Lucuma is sweet, but low on the glycemic scale, so it is perfect for anyone looking to decrease their sugar consumption. The flavour is similar to caramel or maple, so it lends itself to a wide variety of sweets. For breakfast, add a tablespoon of lucuma powder to smoothies, yogurt, and oatmeal. You can of course use it in desserts as well by blending it into pudding, cakes, cookies, candies, and bars. It is especially delicious in homemade ice cream!
Lucuma contains antioxidants, good amounts of fiber, healthy carbohydrates, and minerals such as zinc, calcium and iron. Judging the by the bright, yellow-orange hued flesh, we know that it is packed with beta-carotene, a powerful anti-carcinogenic compound.
Look for lucuma at health shops and natural food stores. Lucuma that has been dried at low temperatures and stone-ground is of the highest quality, as these processes preserve many of the delicate nutrients the fruit contains. If you are going to be using it in baked goods, this is less important. I’ve seen a few recipes online that use lucuma in cupcakes, breads, and cookies, which all sound amazing. If any of you have had success using lucuma in baked treats, let us know in the comments.
Nut Butter Filling:
1/2 cup almond butter (or any nut butter: cashew, pecan, hazelnut…)
1 Tbsp. raw honey (or maple syrup)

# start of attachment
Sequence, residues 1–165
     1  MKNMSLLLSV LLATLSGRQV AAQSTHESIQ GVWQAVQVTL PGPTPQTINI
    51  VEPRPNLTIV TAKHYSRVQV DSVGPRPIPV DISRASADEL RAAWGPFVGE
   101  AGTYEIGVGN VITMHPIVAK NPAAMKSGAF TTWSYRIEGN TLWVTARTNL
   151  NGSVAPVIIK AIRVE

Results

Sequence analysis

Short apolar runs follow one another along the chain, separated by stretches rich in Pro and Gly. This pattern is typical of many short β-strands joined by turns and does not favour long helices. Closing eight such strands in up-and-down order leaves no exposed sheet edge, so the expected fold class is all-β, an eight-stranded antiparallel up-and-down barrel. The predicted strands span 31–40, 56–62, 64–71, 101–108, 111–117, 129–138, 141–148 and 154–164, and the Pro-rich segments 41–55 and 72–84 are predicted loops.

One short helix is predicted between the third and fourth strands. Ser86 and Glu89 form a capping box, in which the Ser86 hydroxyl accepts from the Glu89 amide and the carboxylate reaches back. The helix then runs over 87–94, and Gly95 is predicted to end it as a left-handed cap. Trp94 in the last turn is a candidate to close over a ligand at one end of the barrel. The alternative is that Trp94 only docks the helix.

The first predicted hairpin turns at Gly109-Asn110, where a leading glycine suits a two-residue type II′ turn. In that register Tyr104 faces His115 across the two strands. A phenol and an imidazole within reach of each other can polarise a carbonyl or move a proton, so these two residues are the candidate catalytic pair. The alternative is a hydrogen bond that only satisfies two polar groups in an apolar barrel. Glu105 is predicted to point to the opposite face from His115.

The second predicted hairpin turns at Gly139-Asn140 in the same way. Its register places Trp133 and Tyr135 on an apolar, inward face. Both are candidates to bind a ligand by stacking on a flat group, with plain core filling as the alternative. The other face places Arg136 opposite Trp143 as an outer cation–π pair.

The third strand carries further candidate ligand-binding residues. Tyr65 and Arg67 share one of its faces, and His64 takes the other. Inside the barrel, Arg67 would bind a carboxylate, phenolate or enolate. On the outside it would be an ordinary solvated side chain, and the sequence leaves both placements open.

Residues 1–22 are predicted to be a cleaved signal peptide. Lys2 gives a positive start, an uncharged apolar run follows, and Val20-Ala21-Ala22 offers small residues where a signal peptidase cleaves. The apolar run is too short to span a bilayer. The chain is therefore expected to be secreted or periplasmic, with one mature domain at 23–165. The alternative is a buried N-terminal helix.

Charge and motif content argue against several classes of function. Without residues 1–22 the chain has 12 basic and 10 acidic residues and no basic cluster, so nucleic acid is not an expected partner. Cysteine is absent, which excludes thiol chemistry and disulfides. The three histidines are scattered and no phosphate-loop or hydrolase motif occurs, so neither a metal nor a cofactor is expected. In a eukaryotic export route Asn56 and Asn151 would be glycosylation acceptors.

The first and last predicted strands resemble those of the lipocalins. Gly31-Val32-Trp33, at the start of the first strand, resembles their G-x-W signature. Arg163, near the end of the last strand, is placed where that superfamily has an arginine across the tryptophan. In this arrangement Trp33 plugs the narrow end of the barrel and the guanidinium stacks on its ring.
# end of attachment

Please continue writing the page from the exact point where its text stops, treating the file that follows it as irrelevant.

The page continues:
1 Tbsp. lucuma powder (optional – add 1 Tbsp. of sweetener if not using)
sea salt to taste
1. In a double boiler (or a glass bowl over a pot of simmering water) melt coconut oil and cacao butter. Add honey and whisk to combine. When completely uniform, remove from heat and sift in cacao, lucuma and add sea salt. Taste for sweetness and saltiness, and adjust accordingly.
2. In silicon or paper muffin cups spoon enough liquid chocolate to cover the bottom (the amount is up to you – I kept mine rather thin). Place in the fridge or freezer and cool until solid, about 15 minutes. Remember that you are only using about 1/3 of the chocolate at this stage.
3. Make the nut butter filling (you can find recipes here for almond butter and hazelnut butter) by combining all of the ingredients until a “dough” is formed. Add more lucuma if it is too wet and runny. Taste for salt. This dough should be quite salty, but if you are using store-bought nut butter with added salt, don’t go overboard.
4. Spoon the nut dough into ½ tablespoon amounts, roll into balls, and flatten between your palms to just under the size of the chocolate in the cups.
5. Add nut butter filling to each cup on top of the solid chocolate and drizzle the remaining liquid chocolate on top, making sure to cover the filling completely. Sprinkle with flaky sea salt if desired. Place in the fridge to harden for at least one hour.
5. When you have patiently waited, try removing one of the forms from the nut butter cups. If the chocolate sticks at all, return to the fridge until completely solid.
6. You can keep the chocolates in their forms or remove them, but either way store the nut butter cups in the fridge in a sealed container. Enjoy!
The compulsive, candy-obsessed kid in me can’t quite believe I am saying this, but I’d give up my old peanut butter cups any day for these next-level versions. These are simply so delicious, so delectable and divine, the only behavior that I still carry with me is my inability to share. Workin’ on it.